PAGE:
auf Widerruf (a.W.)“ means that he had the position for a limited time, i.e.
the duration of the war.
Willy Bucher was an
engineer who was initially drafted to the Bavarian Railway Ersatz Battalion in München
in mid-1916. In April 1917 he was released from military service and posted to
the Königliche Hauptlaboratorium in Ingolstadt. The weapons factory, along with
the Prussian center at Berlin-Spandau, was one of the key producers of
ammunition and weapons for the German army. By the time Willy Bucher was posted
to the Hauptlaboratorium they had stopped making small arms ammunition and had
concentrated on producing artillery shells. By 1918 4 500 men and 6 100 women
worked in the factory. In January 1918 the Hauptlaboratorium produced 273 000
artillery shells. Bucher was awarded the Bavarian König Ludwig-Kreuz for
service on the 29th of September 1918.
The Iron cross with a
White Ribbon was awarded on the 1st of May 1920, the document issued
without signature or stamp on the 5th of June 1920 by the
The Iron Cross
awarded to Willy Bucher has no maker mark on the ring and no maker on the paper
Ernst Vogelgesang was
a Military (Naval) Official in an administrative position at the Kaiserliche
Werft in Wilhelshaven. As is often the case with units or departments to whom
awards were not routine, the office issuing the notice of the award seems to
intend this letter to double as an award document. The text informs Vogelgesang
that the Kaiser has made the award and the cross is included. No mention is
made that another document will follow.
The award of the Iron Cross on a white ribbon was signed
on the 7th of June 1917 by Ernst Tresp, Marine Intendantursekretär in
(Landwehr Doc) The
format of the Landwehr Dienstauszeichnung 2nd Class awarded to
Vogelgesang in July 1911 is typical of the simple design used for service
awards. This simplicity was carried on in the initial Iron Cross Preliminary
award documents issued at Higher levels and the early Railway documents.
Grenadier-Regiment „König Friedrich Wilhelm IV.“ (1.
Pommersches) Nr. 2 ( Hauptmann der Landwehr Schwarz (II. Ersatz Bataillon) )
Hugo Schwarz was a
company commander in the 2nd Base/Training Battalion of Gren Regt.
2. The II. Armeekorps was based in Brandenburg and Pomerania, the Regt was part
of the 3rd Infantry Division based in Stettin. Schwarz received his
Iron Cross on a black ribbon for Kriegsverdienste in der Heimat. Schwarz
received a transmittal letter accompanied by a Besitz-zeugnis and the award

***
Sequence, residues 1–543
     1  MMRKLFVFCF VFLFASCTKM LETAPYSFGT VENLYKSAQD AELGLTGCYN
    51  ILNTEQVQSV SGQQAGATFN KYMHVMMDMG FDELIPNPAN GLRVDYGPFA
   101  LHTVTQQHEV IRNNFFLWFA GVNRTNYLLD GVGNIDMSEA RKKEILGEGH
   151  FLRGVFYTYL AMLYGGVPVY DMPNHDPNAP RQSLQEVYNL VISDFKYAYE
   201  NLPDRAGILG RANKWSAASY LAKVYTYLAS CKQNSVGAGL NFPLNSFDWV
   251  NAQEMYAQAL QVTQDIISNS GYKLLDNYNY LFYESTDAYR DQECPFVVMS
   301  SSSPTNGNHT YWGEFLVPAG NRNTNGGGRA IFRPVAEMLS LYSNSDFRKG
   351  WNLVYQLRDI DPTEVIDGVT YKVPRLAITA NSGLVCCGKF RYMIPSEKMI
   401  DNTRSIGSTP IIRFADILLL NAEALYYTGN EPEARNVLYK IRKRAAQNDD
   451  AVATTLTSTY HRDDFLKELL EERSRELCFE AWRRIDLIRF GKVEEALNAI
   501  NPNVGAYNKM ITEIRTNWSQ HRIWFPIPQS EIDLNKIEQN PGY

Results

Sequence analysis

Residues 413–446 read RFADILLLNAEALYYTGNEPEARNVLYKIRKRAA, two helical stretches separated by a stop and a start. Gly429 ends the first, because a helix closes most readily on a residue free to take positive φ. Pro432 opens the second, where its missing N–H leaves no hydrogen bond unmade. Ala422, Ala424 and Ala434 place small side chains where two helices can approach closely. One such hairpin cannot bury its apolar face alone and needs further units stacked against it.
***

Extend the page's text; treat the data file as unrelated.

itself. The Stellvertretendes Generalkommando of the II. Armeekorps took the
unusual step of actually having special award documents printed for an award
that would have been given out in relatively small numbers. Most often
documents used on the homefront would have been dual purpose with the
possibility of entering a white or black ribbon.
The award was made on
the 19th of December 1916 and signed on the 23rd of
December 1916 by “Der stellvertretende kommandierende General des II. Armeekorps
Freiherr von Vietinghoff General der kavallerie a la suite des
congratulatory letter from Von Vietinghoff which in its form is very similar to
certain preliminary award documents issued at higher levels. In the letter it
is mentioned the cross is included.
Inspection der Ersatz Abteilungen der Feldartillerie –
Hauptmann d.R. Friedrich Döhring.
served in the Feldartillerie Regiment 16 but his wartime service was
exclusively in the rear areas a staff officer. Initially he served in
Königsberg in the Stellvertrende Generalkommando of the I. Armeekorps where he
received an early black ribboned Iron Cross 2nd Class for
Kriegsverdienste in der Heimat then later outside of Germany as 1. Adjutant of
the Etappen Inspektion Nr. 15.
The award document
takes the form of a letter. The award was made on the 6th of July
1915 and signed by General der Kavallerie Graf zu Eulenburg
Kreis Hümmling - Landrat Freiherr Franz-Fritz von
Fürstenburg served as the Landrat (District Administrator) of Kreis Hümmling
(Hannover) from 1916 until 1931. The letter doubles as an award document,
forwarded with the award and best wishes, also the request to sign and return
The document for the
Iron Cross on a white ribbon was signed by the Regierungspräsident Albert
Tilmann of Regierungsbezirk Osnabrück.
Landwirtschaftskammer Posen ( Hauptgeschäftsführer Dr.
Arno Hoffmeister )
Dr. Hoffmeister was
the Managing Director of the Department of Agriculture for the province of
Posen. While employed in this role he received a number of non-combatant awards
including the Prussian Verdienstkreuz für Kriegshilfe, the Braunschweig
Kriegsverdienst Kreuz on a yellow-blue ribbon for non-combatants, then after
the war the Schlesicher Adler 2nd and 1st class still as
head of the Department of Agriculture.
The Iron cross was
awarded on the 24th of January 1918. Hoffmeister was informed by
Telex that the Award had been made and the cross would be sent one day after
the award by the department of food supply (Ernaehrungsamt). The Iron Cross
document was issued on the 1st of April 1919 and signed by XXX
Bureauvorsteher der Generalordenskommission. This version of the document was
reserved for awards that where still by the Kaiser.
award document for the Braunschweig Kriegsverdienstkreuz on the “yellow-blue”
(Schlesien) The 1st
class is one of only two known examples of a Schlesicher Adler 1st
class being awarded for Service. There was only provision for a 2nd
class award for service in the statutes.
Reichswerft Danzig ( Marine-Baumeister Leiss )
The Kaiserliche Werft
Danzig (KWD), along with the Kaiserliche Werft Kiel and Kaiserliche Werft
Wilhelmshaven was one of three German Navy Shipyards engaged in construction,
maintenance and repair of the ships and later Sea planes of the Reichsmarine.
Due to the relatively narrow Weichsel River the KWD was not able to produce
larger warships. It produced 12% of Germanys Submarines as well as small
numbers of German seaplanes. In 1918 7 000 men were employed at KWD. At the end
of the war the “international Shipbuilding and Engineering Company – Danziger
Werft” was formed with France and the UK each having 30% shares and Poland and
Danzig each having 20%
The award was made on
the 17 March 1920
The document was
signed (print) by Kanitz of the General-Ordens-Kommission and countersigned on
the back by an official of the Reichswerft in Danzig on the 27th of
March 19120. The document is a special print for the General-Ordens-Kommission and
replaced the earlier Generalkommission in Angelegenheiten der Königlich
Preusischen Orden document (See above)
Sanitätsamt Münster ( Kriegs-Assitenzarzt Dr. Wahn )
Dr. Wahn was awarded
his Iron Cross 2nd class on a White Ribbon by order of the
Wehrkreiskommando VI. He likely served at a military hospital near Münster. The
award was made on the 14th of October 1919, the document signed on
the 20th of October 1919 by Generaloberarzt XXX. The document is a
special print for the Sanitätsamt Münster i.W. (In Westfalen) and the stamp was
for the Sanitätsamt of the VII. Armeekorps